Net neutrality proponents are already reacting with anger to the potential proposal.
"If it goes forward, this capitulation will represent Washington at its worst," Todd O’Boyle, the program director of Common Cause’s Media and Democracy Reform Initiative, said in a statement. "Americans were promised — and deserve — an Internet that is free of toll roads, fast lanes, and censorship — corporate or governmental. If Wheeler’s rules deliver anything less, that would be a betrayal."
McSherry said the requirement "to offer a baseline level of service" to subscribers could preserve some guarantee that ISPs would not be able to require all sites to pay fees for accessing customers. The specifics, she added, would be essential to understanding the full ramifications of the proposed rules.
"The bargain that they seem to be proposing on the other side limits or restricts blocking specific sites," she said. "That might be positive. The devil is really going to be in the details."
The FCC's statement is in full below:
The NPRM [notice of proposed rule making] will propose, consistent with the Court’s analysis, that broadband providers would be required to offer a baseline level of service to their subscribers, along with the ability to enter into individual negotiations with content providers. In all instances, broadband providers would need to act in a commercially reasonable manner subject to review on a case-by-case basis. Exactly what the baseline level of service would be, the construction of a 'commercially reasonable' standard, and the manner in which disputes would be resolved, are all among the topics on which the FCC will be seeking comment.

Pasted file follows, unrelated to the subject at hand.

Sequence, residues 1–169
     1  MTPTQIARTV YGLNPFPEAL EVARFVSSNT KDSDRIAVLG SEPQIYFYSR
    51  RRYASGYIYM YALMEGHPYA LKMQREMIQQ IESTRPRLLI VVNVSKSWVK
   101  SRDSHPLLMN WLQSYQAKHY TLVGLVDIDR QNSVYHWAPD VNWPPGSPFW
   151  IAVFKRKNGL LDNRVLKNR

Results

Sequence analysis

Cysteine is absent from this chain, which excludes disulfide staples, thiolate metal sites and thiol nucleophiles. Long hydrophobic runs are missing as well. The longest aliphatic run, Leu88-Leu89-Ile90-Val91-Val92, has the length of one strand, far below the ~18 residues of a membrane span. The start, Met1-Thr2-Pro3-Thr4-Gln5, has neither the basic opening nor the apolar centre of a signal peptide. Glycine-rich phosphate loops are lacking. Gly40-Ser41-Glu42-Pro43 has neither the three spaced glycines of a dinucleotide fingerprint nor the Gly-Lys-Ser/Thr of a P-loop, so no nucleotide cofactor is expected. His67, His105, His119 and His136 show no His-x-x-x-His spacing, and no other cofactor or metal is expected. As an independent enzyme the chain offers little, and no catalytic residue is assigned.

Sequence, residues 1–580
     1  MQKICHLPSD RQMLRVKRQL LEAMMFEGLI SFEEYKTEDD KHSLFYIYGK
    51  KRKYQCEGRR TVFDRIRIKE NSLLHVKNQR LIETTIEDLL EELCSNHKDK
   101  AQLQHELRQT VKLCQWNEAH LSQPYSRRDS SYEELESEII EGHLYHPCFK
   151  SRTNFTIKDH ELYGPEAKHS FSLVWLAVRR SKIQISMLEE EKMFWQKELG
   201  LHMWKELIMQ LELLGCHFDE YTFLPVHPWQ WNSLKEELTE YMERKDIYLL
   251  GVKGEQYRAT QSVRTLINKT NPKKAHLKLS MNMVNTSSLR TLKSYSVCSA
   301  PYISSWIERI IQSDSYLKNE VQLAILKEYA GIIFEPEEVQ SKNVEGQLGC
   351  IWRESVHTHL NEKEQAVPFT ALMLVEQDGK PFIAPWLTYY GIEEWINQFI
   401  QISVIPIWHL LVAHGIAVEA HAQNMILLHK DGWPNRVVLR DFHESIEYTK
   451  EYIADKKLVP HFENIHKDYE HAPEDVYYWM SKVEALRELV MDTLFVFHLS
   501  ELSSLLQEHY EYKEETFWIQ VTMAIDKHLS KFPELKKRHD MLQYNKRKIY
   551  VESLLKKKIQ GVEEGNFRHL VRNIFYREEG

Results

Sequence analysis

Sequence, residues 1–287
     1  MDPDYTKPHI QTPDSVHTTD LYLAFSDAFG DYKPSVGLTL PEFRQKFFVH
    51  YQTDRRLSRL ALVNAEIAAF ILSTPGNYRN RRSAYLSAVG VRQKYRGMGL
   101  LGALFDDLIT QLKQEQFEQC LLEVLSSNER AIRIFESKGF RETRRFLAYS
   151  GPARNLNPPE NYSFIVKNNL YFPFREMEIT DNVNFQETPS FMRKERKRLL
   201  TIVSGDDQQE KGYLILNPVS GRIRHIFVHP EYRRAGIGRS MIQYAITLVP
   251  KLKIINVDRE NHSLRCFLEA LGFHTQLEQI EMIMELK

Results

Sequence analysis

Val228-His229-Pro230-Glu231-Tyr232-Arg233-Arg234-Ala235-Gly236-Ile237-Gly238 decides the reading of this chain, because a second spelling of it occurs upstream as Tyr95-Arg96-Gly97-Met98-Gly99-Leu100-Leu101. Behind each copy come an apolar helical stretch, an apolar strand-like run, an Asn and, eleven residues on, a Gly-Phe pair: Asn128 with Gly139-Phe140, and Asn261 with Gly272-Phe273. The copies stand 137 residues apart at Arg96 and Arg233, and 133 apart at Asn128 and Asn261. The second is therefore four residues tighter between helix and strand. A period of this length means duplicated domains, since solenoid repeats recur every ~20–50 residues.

Here's Wheeler's statement in full:
There are reports that the FCC is gutting the Open Internet rule. They are flat out wrong. Tomorrow we will circulate to the Commission a new Open Internet proposal that will restore the concepts of net neutrality consistent with the court's ruling in January. There is no ‘turnaround in policy.’ The same rules will apply to all Internet content. As with the original Open Internet rules, and consistent with the court's decision, behavior that harms consumers or competition will not be permitted.